i have only experienced ASMR very little. mines more physical. sounds dont really seem to trigger me. when i was in first grade we would have this exercise were we would outline a letter of the alphabet with are fingers on each others backs. the light touching sensation on my back would trigger me and i would sometimes fall asleep in class. on rare occasions it would trigger if someone did something for me like draw a picture for me. i never understood what it was in tell i found this web-sight describing what i felt. i am still looking for more triggers and wondering if any one else has had similar triggers.
The ASMR videos are easy to laugh at if you’re a casual observer–when I recently played one on my iPhone for guests at a dinner party, everyone cracked up within five seconds of watching the video. The videos usually include an attractive woman in a role-play scenario: She’s pretending to be an eye doctor, a makeup artist, or even checking hair for head lice. All videos are shot in first person, so the viewer appears to be alone in the room with the woman. And she’s usually whispering or speaking softly to you. It’s this combination of voice and the sounds from object interaction that the viewer hopes will trigger an ASMR experience.
2. Do you get rush through the spine and scalp when catching adrenaline? For example, while doing sports and trying to boost myself even further, I watch Zombie pov clips, like this one – https://www.youtube.com/watch?v=TvICHck3PIg, I get huge rush of adrenaline up the spine and neck, because I feel like I’m running in that clip. But I also get peaks of euphoric rush in my head and I scratch the scalp, the crown of the head in circles. It’s definitely not ASMR I am experiencing, but the same thing – scratching the crown of the head is attributed to both, ASMR and this.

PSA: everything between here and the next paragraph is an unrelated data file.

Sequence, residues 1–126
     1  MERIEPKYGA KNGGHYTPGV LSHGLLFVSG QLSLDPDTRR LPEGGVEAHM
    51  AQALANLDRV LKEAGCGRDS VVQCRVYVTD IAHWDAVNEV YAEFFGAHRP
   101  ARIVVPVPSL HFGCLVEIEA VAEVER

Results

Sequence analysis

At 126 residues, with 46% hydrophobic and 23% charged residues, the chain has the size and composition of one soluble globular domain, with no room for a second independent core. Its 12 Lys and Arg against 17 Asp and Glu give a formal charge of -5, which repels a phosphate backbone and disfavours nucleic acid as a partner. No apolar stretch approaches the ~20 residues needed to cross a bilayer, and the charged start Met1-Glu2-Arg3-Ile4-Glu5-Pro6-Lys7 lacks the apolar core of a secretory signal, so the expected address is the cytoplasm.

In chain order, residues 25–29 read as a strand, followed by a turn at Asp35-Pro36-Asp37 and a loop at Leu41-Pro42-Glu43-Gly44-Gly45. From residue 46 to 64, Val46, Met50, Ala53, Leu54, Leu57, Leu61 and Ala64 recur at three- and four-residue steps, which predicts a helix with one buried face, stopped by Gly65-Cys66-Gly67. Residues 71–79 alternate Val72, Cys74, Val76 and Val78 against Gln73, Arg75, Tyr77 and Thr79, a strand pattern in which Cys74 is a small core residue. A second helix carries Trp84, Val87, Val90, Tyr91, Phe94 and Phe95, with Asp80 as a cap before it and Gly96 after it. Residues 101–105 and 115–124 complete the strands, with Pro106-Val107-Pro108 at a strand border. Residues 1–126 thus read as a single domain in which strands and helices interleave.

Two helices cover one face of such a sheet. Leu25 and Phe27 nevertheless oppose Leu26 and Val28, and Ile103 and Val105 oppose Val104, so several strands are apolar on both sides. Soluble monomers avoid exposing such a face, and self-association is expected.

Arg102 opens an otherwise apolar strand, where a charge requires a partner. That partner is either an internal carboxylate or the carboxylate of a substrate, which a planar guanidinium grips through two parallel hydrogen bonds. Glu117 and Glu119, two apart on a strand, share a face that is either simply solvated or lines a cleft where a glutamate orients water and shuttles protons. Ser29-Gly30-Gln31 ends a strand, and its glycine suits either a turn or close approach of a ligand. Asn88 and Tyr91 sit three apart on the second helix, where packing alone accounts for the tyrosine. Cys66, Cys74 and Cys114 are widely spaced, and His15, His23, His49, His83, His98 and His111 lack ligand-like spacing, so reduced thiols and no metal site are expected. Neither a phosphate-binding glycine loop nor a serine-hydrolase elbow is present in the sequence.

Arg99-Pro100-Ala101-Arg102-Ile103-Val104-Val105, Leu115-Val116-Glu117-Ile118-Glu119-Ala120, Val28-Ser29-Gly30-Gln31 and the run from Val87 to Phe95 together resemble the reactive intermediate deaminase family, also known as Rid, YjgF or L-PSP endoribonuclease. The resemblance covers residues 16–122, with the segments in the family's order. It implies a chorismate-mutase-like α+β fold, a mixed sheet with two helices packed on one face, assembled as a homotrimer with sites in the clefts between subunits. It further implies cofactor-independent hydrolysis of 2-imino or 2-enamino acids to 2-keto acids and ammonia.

An article titled "An examination of the default mode network in individuals with autonomous sensory meridian response (ASMR)"[38] by Stephen D. Smith, Beverley Katherine Fredborg, and Jennifer Kornelsen, looked at the default mode network (DMN) in individuals with ASMR. The study, which used functional magnetic resonance imaging (fMRI), concluded that there were significant differences in the DMN of individuals who have ASMR as compared to a control group without ASMR.
Think about nails scratching a chalkboard for one second. Are you flinching? One study found that this sound literally accelerated the participants’ stress levels, quickening heart rates, heightening blood pressure and even altering the skin’s electrical conductivity. In the study, the scientists discovered that—when stimulated with this screeching sound, the auditory cortex interacted with the amygdala, which controls responses related to fear and emotions.

The most popular stuff discussed amongst ASMR community is whispering and tapping – and I get it a bit from that – but one thing is, I know that when the person is addressing me (or the camera as it may be), that seems to dispel ASMR for me. In fact, I’d say a pre-req for me to ASMR is that I am in the role of passive observer – perhaps that speaks to my personality? I know I have introverted tendencies. That leads me to the first of my questions:
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There’s been suspicion that ASMR is a sexual pursuit, fueled by the fact that many ASMRtists are attractive young women and that cleavage is not exactly foreign to the medium. The comments beneath videos routinely make much of the ASMRtists’ attractiveness, and terms like “braingasms” and “whisper porn” are often bandied about. But in the Swansea study, only 5 percent of respondents reported using it for sexual stimulation. Granted, this is self-reported data, but the results must be vindicating to ASMRheads who find themselves battling unsavory rumors about their nighttime video-watching habits.

Smith speculates that ASMR may be similar to synesthesia, the fascinating neurological condition in which people see numbers in color and “taste” shapes. “In synesthesia,” he says, “there have been some studies that show there’s slightly atypical wiring in the brain that leads to slightly different sensory associations, and I think that may be the same thing we have here.”

Wow, this actually has a name!! I’ve been experiencing this every since I was a little girl – I respond to all three triggers. I always wondered what this was and it just never occurred to me that other people might be experiencing what I did (in particular, the auditory and visual triggers). These experiences are so unbelievably pleasant and ultra-relaxing. Trance-like, out-of-body even…I just go to another place. I have a vague recollection of trying to describe what I was feeling to friends throughout my childhood and just beyond and they had no idea what I was talking about/looked at me like I was a little out there. So I’ve considered it a uniquely personal experience up until now. Very cool! I’ve got some research to do and some amazing relaxing videos to watch.